The Artists for Humanity’s EpiCenter will expand by more than twice its current size in less than two years, the South Boston center, city officials and private business leaders announced Monday morning.
The reception to announce the expanded EpiCenter Building on A and Second Streets was a joyful celebration. Susan Rodgerson, the founder and executive/artistic director of Artists for Humanity, was the hostess. The expansion is expected to start with groundbreaking this fall; completion is slated for the end of 2017.
The South Boston organization “is a national leader in youth arts enterprise whose mission is to bridge economic, racial, and social divisions by providing under-resourced urban youth with the keys to self-sufficiency through paid employment in art and design,” a press release from the mayor’s office stated.
There were perhaps 100 guests at the reception Monday. The panel for the formal announcement program included the EpiCenter expansion’s project sponsors: Liberty Mutual Insurance Chairman and CEO David H. Long, Cabot Corporation CEO Sean Keohane, and Vice President of Global Gillette Business at Procter & Gamble John Mang.
Mayor Martin J. Walsh led off the program. He narrated a brief backstory of Artists for Humanity, including references to its beginning in a made-over Fort Point loft a generation back, followed by the construction of the existing EpiCenter Building with its LEED Platinum certification.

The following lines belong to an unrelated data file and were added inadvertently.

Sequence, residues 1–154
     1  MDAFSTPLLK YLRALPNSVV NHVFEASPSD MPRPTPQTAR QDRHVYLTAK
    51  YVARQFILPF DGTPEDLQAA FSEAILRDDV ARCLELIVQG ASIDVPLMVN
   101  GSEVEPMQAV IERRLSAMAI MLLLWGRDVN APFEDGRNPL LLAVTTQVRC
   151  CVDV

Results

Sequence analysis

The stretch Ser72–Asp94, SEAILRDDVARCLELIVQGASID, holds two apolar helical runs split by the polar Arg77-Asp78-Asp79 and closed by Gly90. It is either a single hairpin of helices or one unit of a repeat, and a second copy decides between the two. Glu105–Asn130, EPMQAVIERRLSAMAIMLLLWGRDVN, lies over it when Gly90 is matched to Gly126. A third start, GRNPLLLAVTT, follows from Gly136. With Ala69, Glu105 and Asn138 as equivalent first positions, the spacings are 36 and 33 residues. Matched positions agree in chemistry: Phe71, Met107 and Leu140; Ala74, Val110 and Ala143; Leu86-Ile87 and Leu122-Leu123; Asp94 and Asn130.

Artists for Humanity, the organization says on its website, was the city’s first Platinum LEED-certified facility, explaining that this is “the highest designation for energy sustainable buildings.”
Walsh also described the work with Boston teenage students done by Artists for Humanity, and then concluded his remarks on an upbeat note by stating, “I am so happy for Susan Rodgerson and for everyone here.”
According to a press release from the mayor’s office, “Artists For Humanity is the largest onsite employer of teens in Boston and demand for services has exceeded its current space.”
A few figures about Artists for Humanity and its expansion tell an impressive story: 100 percent of Artists for Humanity members graduate from high school; 95 percent of them go on to some kind of post-graduate work. The EpiCenter Building expansion proposes an added 52,000 square feet, which will each year give hundreds more of Boston’s high schoolers the skills and opportunities they need in the 21st century.
The expansion, according to the press release, will “help Boston meet the City’s dual objectives of providing living wage jobs for urban youth and filling business demand for skilled workers.”
There are many more stories to be told about Artists for Humanity. For now, just consider how effectively they communicate those three key 21st century messages of creativity, technology and environmental concern to Boston’s teenaged students. And look for other EpiCenter articles to come in South Boston Online about topics pertinent to 2016-2017, such as STEM, aerogel, art-makers, L.E.E.D.S., and many more.